May 07, 2010
Violet-backed starling — Episode 2
As did Flautist, who burned the midnight oil hunting down the spectacular photo up top.
'Cause that's how we roll.
Can your mirror do that?
Didn't think so.
Religions of the World by Adherents
Cat Butt Air Freshener
"There's nothing like the smell of cat butt in the morning."
"With the image of a cat walking away and showing you a classic cat butt, you might expect it to stink. But in reality, this thing carries the scent of hyacinth like a cat carries a dead bird."
Mihai Albu's 12-inch skyscraper heels — Nine Inch Nails are so over
Pictured above and below and topping out at 12.2 inches, the shoes are made from three sandals stacked on top of one another.
Like I always say, why turn your head when you can turn your ankle?
I like that.
Perfect for everyday use — if you plan to try out for Cirque du Soleil.
Fire Kit Lamp
Photography's longest exposure
How about six months?
Does that work for you?
From household name:
Six months. That's right. This dream-like picture shows each phase of the sun over Bristol's Clifton Suspension Bridge taken during half a year.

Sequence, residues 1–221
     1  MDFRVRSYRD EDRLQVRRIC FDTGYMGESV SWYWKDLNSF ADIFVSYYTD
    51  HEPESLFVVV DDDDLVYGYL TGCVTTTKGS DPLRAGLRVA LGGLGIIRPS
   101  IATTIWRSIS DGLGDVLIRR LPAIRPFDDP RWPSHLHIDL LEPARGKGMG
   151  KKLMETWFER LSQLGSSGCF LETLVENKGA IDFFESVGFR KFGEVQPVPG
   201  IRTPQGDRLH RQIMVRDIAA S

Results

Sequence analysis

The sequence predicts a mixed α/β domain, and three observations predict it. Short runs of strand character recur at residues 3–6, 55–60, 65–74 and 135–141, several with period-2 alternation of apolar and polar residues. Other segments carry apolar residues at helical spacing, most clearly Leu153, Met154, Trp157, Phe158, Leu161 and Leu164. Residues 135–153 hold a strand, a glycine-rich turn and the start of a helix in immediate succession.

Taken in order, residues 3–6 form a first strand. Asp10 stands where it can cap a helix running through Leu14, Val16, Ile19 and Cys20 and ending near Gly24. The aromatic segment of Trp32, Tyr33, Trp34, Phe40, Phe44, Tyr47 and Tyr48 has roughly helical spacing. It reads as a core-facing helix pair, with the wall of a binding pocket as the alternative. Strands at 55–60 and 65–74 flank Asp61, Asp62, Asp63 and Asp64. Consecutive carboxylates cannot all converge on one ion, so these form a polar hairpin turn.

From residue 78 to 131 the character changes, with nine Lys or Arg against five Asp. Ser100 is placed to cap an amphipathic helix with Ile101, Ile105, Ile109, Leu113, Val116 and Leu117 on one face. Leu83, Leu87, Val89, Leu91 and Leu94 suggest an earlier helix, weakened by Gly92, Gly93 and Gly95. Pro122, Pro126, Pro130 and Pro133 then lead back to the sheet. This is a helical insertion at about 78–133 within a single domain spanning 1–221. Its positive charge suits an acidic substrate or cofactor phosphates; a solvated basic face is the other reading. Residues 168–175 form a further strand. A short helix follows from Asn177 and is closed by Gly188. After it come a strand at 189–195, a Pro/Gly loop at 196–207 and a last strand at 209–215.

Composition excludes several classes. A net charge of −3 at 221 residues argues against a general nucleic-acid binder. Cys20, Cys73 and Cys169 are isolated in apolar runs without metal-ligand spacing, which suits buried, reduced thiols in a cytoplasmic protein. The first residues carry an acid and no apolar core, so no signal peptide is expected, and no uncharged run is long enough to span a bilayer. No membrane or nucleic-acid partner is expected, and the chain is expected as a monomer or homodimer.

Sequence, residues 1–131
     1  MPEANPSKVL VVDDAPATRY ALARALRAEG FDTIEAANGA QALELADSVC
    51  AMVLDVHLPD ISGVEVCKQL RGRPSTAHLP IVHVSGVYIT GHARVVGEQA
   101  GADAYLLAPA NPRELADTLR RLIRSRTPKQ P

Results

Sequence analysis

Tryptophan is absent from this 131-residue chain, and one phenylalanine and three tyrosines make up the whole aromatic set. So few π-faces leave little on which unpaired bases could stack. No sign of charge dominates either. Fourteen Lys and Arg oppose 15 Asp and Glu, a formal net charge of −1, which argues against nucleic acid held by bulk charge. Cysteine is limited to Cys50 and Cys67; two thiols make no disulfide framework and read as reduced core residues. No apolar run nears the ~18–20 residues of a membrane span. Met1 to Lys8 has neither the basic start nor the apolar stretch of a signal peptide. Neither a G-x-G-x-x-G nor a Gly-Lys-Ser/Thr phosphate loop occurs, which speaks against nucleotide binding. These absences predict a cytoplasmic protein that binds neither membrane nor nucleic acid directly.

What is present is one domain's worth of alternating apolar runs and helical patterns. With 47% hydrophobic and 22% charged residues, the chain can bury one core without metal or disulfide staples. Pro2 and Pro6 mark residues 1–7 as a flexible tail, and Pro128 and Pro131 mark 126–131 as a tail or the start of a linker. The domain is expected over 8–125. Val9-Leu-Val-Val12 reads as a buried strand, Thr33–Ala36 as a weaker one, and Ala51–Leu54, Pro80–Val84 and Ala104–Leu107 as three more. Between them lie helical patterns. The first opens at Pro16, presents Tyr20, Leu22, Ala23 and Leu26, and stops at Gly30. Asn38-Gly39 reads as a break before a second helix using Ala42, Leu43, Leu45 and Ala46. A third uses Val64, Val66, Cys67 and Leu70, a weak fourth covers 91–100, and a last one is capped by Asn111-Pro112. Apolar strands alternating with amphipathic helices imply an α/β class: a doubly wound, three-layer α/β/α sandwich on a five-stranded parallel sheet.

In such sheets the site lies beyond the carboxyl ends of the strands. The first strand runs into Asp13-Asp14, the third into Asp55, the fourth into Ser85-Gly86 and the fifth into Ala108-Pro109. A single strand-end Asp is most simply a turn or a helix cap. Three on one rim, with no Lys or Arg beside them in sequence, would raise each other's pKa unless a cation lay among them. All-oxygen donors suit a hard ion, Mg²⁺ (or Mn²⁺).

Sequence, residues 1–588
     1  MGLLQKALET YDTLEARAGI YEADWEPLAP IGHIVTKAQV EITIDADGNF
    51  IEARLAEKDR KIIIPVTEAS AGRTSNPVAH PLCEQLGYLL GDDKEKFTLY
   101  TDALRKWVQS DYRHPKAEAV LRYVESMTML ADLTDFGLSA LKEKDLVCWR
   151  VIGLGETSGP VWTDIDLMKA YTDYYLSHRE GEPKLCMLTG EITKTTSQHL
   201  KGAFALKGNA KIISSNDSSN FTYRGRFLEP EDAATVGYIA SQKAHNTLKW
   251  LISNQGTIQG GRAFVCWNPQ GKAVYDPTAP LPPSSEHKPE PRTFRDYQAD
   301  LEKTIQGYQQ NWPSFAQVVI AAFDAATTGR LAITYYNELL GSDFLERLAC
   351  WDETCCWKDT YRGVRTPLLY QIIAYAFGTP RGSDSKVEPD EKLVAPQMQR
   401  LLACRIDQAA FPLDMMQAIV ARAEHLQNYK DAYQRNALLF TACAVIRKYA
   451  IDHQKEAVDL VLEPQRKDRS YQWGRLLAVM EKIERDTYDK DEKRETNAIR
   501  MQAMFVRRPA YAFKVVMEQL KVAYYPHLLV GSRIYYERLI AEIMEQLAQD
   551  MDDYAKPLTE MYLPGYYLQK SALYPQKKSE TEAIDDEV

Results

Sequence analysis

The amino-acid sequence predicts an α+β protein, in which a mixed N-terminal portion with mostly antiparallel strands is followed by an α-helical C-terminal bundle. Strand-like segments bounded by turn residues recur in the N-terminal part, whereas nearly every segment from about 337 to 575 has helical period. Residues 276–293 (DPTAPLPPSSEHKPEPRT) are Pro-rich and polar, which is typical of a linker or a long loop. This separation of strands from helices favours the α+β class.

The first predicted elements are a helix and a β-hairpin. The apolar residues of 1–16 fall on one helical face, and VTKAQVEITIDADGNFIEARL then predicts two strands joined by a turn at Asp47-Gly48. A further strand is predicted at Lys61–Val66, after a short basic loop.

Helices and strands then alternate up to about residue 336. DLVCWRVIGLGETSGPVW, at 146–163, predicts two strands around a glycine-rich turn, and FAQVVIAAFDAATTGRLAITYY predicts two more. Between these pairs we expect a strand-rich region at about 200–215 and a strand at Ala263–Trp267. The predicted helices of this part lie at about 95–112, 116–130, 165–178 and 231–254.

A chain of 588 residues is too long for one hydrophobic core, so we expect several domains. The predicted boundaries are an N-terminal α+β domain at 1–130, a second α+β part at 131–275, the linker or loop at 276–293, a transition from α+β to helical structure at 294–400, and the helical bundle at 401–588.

The image was captured on a pin-hole camera made from an empty drinks can with a 0.25mm aperture and a single sheet of photographic paper.
Photographer Justin Quinnell strapped the camera to a telephone pole overlooking the Gorge, where it was left between December 19, 2007 and June 21, 2008 — the Winter and Summer solstices. (That's a 15,552,000 second exposure.)
'Solargraph' shows six months of the sun's luminescent trails and its subtle change of course caused by the earth's movement in orbit. The lowest arc being the first day of exposure on the Winter solstice, while the top curves were captured mid-Summer.
(Dotted lines of light are the result of overcast days when the sun struggled to penetrate the cloud.)
Quinnell, a renowned pin-hole camera artist, says the photograph took on a personal resonance after his father passed away on April 13 — halfway through the exposure. He says the picture allows him to pinpoint the exact location of the sun in the sky at the moment of his father's passing.
[via Joe Peach]
What is it?
Answer here this time tomorrow.